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New herbicide delivery system delivers made-to-measure solutions

Dean Marshall’s variable-sized fields do not present nearly the challenge they once did.

May 4, 2009  By Editorial Staff

Dean Marshall’s variable-sized fields do not present nearly the challenge they once did.

Made-to-order herbicide blends are simplified with PrecisionPac. Photo courtesy of DuPont  

In 2008, the Edgerton, Alberta farmer needed to spray a small field with Express SG, and he went to his local retailer and purchased the exact amount of product he needed. When he was done, he was not left with extra product to use up or store for the winter. Better yet, the herbicide he bought came in a dry formulation of soluble granules and was metered into a grower bag by his retailer that was labeled precisely and ready to pour into his spray tank.

The new system that allowed Marshall’s retailer to precisely measure the herbicide is from DuPont and is called PrecisionPac. It is about the size of a large refrigerator.


The new PrecisionPac delivery system is designed to hold up to six active ingredients that can be combined in various ratios to help meet a grower’s agronomic requirements and tackle specific weed problems. During the western Canadian trial phase in 2008, the two broadleaf herbicides, Refine SG and Express SG were offered for purchase.  Several more herbicide blends will be added beginning in 2009 as they receive registration from the Pest Management Regulatory Agency (PMRA).

“It seemed so handy,” says Marshall. “You could set it up for our size of sprayer tank. When you can have a product that you can design yourself for your tank and field, it makes it so much easier to handle and a lot less mess than cleaning out jugs.”

Placing his order was simple. All Marshall did was go to the order desk at his retailer to explain what he needed. He wanted to add Express SG to his glyphosate pre-seed burn-off treatment in order to heat up his broadleaf weed control.

The staff took Marshall’s request for enough Express SG for his 800-gallon sprayer tank and punched the order into a keypad on the front of the PrecisionPac system. It is through this keypad that the retailer tells the machine which active ingredients to dispense and the number of acres to be treated. The machine dispenses the correct amount of Express SG, and Marshall simply tank-mixes that amount with his glyphosate in his sprayer tank.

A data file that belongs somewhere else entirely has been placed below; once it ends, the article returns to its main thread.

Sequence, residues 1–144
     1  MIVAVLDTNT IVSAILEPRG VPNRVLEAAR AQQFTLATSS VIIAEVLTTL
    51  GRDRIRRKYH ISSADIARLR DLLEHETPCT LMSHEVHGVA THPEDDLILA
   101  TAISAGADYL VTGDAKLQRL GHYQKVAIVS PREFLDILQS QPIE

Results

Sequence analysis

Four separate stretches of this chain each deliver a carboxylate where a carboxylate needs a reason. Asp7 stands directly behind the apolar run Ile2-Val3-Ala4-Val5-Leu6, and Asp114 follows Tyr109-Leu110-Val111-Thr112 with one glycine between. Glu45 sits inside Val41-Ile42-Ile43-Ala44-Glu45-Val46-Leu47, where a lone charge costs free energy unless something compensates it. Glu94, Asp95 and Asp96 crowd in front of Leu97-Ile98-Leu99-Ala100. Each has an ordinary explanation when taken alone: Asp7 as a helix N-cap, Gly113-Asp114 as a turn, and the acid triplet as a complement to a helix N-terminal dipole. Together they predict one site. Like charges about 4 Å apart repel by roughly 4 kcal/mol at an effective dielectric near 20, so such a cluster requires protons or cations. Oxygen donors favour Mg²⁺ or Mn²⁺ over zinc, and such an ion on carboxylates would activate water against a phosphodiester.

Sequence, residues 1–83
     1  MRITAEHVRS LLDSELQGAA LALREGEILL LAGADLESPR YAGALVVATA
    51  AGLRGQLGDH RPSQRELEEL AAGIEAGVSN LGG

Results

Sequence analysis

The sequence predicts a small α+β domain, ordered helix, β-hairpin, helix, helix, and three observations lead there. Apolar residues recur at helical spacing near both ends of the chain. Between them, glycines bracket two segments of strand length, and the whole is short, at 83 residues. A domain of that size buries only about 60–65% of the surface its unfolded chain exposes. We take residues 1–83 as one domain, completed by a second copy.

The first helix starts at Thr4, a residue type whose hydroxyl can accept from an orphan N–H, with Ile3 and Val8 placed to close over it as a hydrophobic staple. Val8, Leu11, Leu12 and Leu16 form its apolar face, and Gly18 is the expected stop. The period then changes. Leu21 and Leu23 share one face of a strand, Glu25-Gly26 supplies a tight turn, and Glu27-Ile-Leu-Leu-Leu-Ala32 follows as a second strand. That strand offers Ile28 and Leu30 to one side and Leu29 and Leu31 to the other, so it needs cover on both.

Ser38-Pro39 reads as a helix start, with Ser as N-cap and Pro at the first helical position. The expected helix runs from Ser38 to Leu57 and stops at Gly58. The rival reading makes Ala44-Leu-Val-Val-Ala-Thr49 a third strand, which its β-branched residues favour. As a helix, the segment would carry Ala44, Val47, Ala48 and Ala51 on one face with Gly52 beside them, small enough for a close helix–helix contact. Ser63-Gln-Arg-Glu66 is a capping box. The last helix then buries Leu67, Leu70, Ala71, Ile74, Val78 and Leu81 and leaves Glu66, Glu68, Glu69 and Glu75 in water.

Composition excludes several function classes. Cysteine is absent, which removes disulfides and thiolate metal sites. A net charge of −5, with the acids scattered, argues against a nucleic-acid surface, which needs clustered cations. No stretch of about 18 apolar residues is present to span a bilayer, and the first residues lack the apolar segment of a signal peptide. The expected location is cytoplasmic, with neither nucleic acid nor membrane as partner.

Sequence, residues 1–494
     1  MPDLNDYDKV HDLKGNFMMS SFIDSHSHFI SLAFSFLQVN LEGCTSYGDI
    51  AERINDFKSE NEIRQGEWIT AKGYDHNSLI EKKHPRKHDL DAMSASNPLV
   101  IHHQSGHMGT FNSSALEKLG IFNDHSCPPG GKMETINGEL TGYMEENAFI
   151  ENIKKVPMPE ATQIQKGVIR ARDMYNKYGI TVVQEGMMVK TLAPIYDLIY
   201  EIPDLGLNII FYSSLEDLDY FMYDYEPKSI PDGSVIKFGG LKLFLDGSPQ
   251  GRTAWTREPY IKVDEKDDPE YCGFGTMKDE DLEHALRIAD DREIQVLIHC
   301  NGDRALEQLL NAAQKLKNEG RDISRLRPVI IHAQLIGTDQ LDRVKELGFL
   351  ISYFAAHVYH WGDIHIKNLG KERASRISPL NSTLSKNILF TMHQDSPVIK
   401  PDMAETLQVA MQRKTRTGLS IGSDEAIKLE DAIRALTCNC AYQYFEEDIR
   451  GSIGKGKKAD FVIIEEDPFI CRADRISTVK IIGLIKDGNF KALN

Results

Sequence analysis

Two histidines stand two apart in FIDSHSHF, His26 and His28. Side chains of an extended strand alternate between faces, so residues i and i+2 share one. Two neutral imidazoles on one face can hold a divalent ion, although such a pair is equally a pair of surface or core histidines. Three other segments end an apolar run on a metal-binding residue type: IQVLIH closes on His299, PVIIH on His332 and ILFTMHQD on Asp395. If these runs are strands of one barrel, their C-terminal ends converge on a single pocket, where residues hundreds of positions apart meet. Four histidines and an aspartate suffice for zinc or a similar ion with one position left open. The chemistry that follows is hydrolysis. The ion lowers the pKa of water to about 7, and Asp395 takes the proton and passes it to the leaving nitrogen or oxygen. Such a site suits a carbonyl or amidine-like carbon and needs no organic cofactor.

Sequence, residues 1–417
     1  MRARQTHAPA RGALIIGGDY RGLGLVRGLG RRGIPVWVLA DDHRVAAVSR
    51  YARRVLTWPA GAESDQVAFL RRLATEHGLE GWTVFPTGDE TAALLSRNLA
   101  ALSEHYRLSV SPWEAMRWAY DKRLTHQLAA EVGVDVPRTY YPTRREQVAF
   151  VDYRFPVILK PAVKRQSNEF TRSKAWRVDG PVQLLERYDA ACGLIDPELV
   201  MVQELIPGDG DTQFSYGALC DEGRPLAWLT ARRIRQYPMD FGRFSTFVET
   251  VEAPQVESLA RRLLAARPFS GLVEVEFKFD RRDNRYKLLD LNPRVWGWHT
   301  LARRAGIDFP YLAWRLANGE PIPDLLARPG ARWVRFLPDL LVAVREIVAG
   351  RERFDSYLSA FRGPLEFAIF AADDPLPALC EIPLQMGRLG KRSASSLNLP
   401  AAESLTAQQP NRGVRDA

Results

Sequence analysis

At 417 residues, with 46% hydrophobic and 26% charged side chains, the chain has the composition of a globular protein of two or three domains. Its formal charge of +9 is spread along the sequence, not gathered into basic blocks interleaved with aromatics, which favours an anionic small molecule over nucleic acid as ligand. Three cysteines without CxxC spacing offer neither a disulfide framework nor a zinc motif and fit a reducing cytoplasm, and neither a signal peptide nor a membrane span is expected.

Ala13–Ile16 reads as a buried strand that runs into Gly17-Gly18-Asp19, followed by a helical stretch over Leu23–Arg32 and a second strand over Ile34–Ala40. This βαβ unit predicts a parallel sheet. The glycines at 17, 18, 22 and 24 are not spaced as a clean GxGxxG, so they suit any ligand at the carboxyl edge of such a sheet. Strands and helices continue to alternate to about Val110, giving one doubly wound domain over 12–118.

The six active ingredients are stored in 16-kg flexi-bags in the upper cabinet of the PrecisonPac system. Many safeguards are employed to ensure that the proper ingredients are dispensed into the grower bag waiting at the bottom of the cabinet. Each grower bag is pre-labeled for the various herbicide blends that can be dispensed and contains a unique radio frequency identification (RFID) tag to ensure that the grower bag is filled with the correct product.

Once the product is dispensed into the grower bag, a label is applied indicating the net contents. The retailer can also label it with the grower’s name and field identification.

To be able to bring this innovative new technology to Canadian growers, an enormous amount of work has gone into research and registration of various product combinations and rates with the Pest Management Review Agency. DuPont also conducted more than 150 federal research permit trial sites with growers to add some real grower-applied information to their pool of data for the PrecisionPac blends.
All this work perfecting the system means that when a grower walks into a retail location that has a PrecisionPac system, he will be able to describe the weed issues in a field and get a customized herbicide blend that fits his unique requirements.

“Customers get the power to precisely select their weed control requirements through the flexibility and customization that PrecisionPac offers,” says Scott Hollick, account manager, special projects for DuPont. “The end result is a product that is more closely designed for a grower’s farm or field versus a packaged product that may not have as precise a fit.”

With the retailer’s help, growers can select for short residual or extended control, choose multiple active ingredients and herbicide groups to manage resistance, and make blends specific for in-crop, pre-seed burn-off, or chem-fallow or post-harvest weed control.

Tony Steen, ag retail manager at Viterra’s Trochu, Alberta location, is a big fan of the PrecisionPac system. “The biggest advantage I can see to it is that farmers can get the right amount of product for the fields when they need to spray,” he says. “If they only need 60 acres, we can put that amount in a PrecisionPac grower bag.”

It also saves the producer measuring product into the sprayer tank. “We usually make up grower bags to match a customer’s sprayer tank load,” says Steen.

“I farm between 8000 and 9000 acres,” says Marshall. “You can spend a lot of time just sitting and mixing.”

The process can get even more refined. “PrecisionPac retailers involved in the trial process have had product ready for certain growers before they arrive to pick it up,” says Hollick. “It’s easy when the retailer knows the field size, sprayer tank size and weed species for each specific location to be sprayed.”

It is that pinpoint customization that will be the biggest boon to growers. Not only will they get herbicide mixed precisely for their situation, they will pay precisely for what they need.

DuPont plans to have numerous PrecisionPac systems in operation at retail locations across Western Canada in spring 2009. The company will continue to expand availability during the next few years.


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